The current study characterized the tongue microbiome associated with use of shammah, as a highly carcinogenic ST product, with the aim of identifying shifts that may be relevant to development of oral cancer. In other words, the study is based on the premise that, in addition to inducing genetic and epigenetic aberrations, tobacco can contribute to oral carcinogenesis through disrupting tongue microbiome. Indeed, the study found, after adjustment for multiple comparisons, 6 species to be enriched in the tongue microbiome of SU, namely R. mucilaginosa, Streptococcus sp. oral taxon 66, A. meyeri, S. vestibularis, S. sanguinis and a potentially novel Veillonella species.
Enrichment of R. mucilaginosa is particularly relevant. This species has been found to be significantly more abundant in tongue leukoplakia lesions compared to contralateral side, and to tongue swab samples collected from healthy controls . More importantly, most strains of R. mucilaginosa has been recently found to produce high levels of acetaldehyde from ethanol comparable to that of Candida and Neisseria spp., and to lack genes encoding acetaldehyde dehydrogenases- a group of enzymes that detoxify acetyl aldehyde . Acetaldehyde is well known carcinogenic compound, and its production has been proposed as a mechanism by which bacteria can contribute to oral and gastrointestinal carcinogenesis [18, 19]. Interestingly, Rothia mucilaginosa have been reported to be reduced in established oral cancer lesions [20, 21], suggestive of a possible role only in early stages.
Streptococci are also known to produce acetaldehyde, although there are variations among the different species, with Streptococcus salivarius, Streptococcus intermedius and Streptococcus mitis having the highest acetaldehyde-producing potential . Indeed S. mitis, was among the species identified by LEfSe analysis in this study as overabundant among the SU, but it did not stand adjustment for multiple comparisons. No information is available in the literature about acetaldehyde-producing potential of the other three Streptococcus species found here to be enriched in SU, except S. Sanguinis that has been shown to produce relatively smaller amounts of acetaldehyde but to encode non-functional acetaldehyde dehydrogenase genes . The acetaldehyde-producing abilities of S. vestibularis and Streptococcus sp. oral taxon 66 needs to be experimentally assessed.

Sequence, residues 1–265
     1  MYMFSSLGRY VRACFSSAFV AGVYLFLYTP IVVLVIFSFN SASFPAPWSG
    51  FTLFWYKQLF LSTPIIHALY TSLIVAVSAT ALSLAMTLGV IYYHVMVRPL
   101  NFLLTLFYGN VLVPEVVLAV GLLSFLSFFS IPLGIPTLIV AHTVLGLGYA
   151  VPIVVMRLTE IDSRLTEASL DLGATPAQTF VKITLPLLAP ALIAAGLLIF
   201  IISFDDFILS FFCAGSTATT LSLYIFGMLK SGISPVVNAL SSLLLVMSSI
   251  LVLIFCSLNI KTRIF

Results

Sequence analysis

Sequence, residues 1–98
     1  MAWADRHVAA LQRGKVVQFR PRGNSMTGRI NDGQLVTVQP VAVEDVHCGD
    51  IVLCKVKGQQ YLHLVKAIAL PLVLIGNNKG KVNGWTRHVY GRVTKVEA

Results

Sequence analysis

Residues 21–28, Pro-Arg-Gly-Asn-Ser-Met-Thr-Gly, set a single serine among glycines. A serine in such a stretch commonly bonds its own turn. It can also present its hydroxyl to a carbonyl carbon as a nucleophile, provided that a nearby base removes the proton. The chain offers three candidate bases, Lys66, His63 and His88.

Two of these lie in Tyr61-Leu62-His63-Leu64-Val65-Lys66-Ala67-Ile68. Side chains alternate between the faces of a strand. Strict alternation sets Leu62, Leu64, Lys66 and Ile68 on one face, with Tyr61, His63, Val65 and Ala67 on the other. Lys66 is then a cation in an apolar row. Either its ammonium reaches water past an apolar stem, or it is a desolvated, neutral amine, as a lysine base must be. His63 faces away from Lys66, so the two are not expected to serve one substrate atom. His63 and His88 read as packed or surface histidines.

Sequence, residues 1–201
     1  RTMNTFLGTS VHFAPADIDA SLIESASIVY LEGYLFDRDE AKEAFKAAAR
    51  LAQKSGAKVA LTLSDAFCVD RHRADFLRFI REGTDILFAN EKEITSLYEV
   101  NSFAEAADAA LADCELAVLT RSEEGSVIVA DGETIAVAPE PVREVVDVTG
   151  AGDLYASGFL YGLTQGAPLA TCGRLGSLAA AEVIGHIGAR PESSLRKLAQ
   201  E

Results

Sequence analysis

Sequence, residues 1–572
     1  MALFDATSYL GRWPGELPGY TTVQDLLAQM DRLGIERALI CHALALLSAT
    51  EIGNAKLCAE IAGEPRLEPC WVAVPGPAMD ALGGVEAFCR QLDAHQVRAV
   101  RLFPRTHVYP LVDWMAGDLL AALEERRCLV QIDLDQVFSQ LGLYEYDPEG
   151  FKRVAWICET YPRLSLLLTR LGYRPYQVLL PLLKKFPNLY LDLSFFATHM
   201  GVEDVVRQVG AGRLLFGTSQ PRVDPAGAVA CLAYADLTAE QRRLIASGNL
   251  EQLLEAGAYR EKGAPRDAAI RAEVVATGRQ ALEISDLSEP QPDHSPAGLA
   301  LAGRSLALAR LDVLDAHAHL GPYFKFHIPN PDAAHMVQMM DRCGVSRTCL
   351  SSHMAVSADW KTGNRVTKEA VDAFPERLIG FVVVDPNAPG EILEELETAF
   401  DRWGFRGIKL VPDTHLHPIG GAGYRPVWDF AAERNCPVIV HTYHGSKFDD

Based on the above, it may be hypothesized that use of smokeless tobacco (probably tobacco in general) indirectly contributes to initiation of oral cancer by enrichment of acetaldehyde-producing bacterial species. This may be particularly relevant in people who consume alcohol in addition to using tobacco. In fact, this could be one mechanism underlying the known interaction between alcohol and tobacco in head and neck cancers . The hypothesis is supported by the fact that healthy individuals without clinically detectable lesions were recruited to this study, and thus the changes observed represent early events prior to development of malignancy. This model, however, needs to be validated in future studies.
The tongue microbiome has not been extensively explored, with the few available studies focusing on how it relates to halitosis [14, 25, 26]. This is, thus, probably the first study to assess the effect of tobacco in general, and ST in particular, on the tongue microbiome within the context of oral carcinogenesis. The study, however, has some limitations to note. First, the variation in effect of shammah use by gender could not be assessed due to exclusion of females. This, however, was because it was difficult to recruit females who are willing to report using shammah due to the social stigma associated with using it. Secondly, and despite all efforts made, it was extremely difficult to exclude qat chewing due to the strong association between the two habits, so some of the shammah users recruited were also qat chewers, which may have confounded the results. Nevertheless, analysis of the data after exclusion of these cases did not change the results significantly. There were also cigarette smokers among the two groups, but their distribution did not significantly differ between the two groups.